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Tue 16 Oct 2007 12:11 AM

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Poor service plagues Gulf real estate firms

Poor customer service is tarnishing the brands of property developers in the Gulf, a study finds.

Poor customer service is tarnishing the brands of property developers in the Gulf, according to the findings of the third annual Gulf Real Estate Study.

The research, conducted by marketing strategist FutureBrand, found that the region's leading developers are failing to pay attention to simple details like answering the phone professionally and providing marketing material to prospective customers.

The qualitative study involved mystery shoppers making contact with dozens of the Gulf's best-known real estate companies. These companies were judged in four ways: on the quality of their service on the phone and in their sales centres; and on the quality of their salespeople and marketing collateral.

On average, the developers were collectively graded with a D for phone service, a B+ for sales centres, a C for sales people and a C- for marketing collateral.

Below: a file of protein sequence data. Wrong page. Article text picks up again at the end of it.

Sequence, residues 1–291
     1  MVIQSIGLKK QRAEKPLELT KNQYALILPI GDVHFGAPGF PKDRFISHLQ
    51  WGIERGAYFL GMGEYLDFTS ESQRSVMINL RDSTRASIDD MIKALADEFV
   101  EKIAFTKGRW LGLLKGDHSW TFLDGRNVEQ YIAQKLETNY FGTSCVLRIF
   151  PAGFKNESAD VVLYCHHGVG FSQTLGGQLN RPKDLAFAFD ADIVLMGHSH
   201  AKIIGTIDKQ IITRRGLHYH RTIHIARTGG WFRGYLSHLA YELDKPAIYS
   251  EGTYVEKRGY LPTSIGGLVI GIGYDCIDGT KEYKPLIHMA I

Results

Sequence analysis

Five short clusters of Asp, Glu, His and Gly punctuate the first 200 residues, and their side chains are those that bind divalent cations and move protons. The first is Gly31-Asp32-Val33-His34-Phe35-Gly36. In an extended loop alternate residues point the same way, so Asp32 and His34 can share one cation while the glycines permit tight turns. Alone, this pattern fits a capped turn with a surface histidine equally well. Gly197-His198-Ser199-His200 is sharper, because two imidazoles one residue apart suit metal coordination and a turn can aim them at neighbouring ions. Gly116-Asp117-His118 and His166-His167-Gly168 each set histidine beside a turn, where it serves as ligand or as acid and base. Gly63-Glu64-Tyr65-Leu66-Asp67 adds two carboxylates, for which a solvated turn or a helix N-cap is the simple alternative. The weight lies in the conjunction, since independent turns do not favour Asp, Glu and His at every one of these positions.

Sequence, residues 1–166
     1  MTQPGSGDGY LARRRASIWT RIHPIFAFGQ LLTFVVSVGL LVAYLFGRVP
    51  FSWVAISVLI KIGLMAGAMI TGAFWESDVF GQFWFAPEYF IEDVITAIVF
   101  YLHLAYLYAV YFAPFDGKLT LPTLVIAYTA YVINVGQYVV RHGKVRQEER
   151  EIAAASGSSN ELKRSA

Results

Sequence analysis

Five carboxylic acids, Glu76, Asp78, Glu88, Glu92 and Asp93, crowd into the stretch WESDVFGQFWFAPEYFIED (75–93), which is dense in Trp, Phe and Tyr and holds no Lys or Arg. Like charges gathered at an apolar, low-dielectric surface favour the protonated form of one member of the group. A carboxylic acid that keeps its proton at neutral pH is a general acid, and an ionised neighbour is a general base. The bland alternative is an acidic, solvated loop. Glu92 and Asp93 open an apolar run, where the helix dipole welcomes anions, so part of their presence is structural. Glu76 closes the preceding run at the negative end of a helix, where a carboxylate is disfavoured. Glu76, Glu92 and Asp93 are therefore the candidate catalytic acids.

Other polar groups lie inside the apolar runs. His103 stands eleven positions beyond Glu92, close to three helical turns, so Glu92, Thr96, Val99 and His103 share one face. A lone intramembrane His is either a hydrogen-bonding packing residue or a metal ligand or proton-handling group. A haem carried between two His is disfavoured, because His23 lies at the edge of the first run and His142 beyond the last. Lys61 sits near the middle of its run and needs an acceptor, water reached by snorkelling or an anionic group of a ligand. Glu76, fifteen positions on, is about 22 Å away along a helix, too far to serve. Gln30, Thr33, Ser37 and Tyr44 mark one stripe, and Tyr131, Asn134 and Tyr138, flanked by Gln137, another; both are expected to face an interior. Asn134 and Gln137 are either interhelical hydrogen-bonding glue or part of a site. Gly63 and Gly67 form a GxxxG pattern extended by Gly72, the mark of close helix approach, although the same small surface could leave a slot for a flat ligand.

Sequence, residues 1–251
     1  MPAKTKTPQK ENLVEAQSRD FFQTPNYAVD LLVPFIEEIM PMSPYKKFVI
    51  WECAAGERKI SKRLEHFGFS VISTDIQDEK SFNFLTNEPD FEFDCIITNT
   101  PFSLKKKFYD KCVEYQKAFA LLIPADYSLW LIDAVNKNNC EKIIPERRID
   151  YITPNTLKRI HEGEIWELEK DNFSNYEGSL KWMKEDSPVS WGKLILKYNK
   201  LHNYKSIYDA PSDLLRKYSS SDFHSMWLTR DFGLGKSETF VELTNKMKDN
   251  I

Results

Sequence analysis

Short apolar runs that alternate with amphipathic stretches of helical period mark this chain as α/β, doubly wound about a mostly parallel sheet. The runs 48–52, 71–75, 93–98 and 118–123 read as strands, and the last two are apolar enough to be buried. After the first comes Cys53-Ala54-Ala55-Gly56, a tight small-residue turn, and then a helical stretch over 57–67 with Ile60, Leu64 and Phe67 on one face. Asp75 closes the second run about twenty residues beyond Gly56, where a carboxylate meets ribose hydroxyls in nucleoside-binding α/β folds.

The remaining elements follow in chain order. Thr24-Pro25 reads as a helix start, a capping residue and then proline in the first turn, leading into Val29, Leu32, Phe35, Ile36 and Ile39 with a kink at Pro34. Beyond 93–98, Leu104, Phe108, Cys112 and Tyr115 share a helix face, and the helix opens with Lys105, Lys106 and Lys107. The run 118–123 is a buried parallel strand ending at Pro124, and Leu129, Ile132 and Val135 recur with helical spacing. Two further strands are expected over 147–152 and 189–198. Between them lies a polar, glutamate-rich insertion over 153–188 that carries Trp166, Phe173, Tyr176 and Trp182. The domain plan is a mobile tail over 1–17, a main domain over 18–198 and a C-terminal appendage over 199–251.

Mystery shoppers were given a business card at only 28% of sales meetings; they were provided with a full set of marketing collateral at only 12 percent.

Only 4% of developers surveyed received a pass grade in all four criteria.
The report concluded that: "A little consideration would go a long way. Most developers in the region are providing a customer experience that does little more than tarnish their brands."

But if professional customer service is a prerequisite to a successful business, it is not yet showing in the figures of these real estate companies.

Quoting reports from local media during the past 12 months, the report lists 14 notable achievements; among them:

The value of all GCC real estate projects announced in the last year has increased 59 percent to $143 billion.

The value of mortgages in Dubai rose by 170 percent to $11 billion.

Bahrain has recorded 27.4 percent growth in its real estate sector this year, while Qatar and Oman have grown by 10 percent in residential sales.

Real estate is now the fastest growing sector in Saudi Arabia with more than $260 billion in investments announced in the past year.

And even the most expensive city in the GCC, Dubai, remains good value compared to other prestige destinations. A high specification condo next to Dubai International Marine Club costs $663 per square foot, compared to $1,398 in New York and as much as $8,427 for One Hyde Park, one of London's most prestigious developments.

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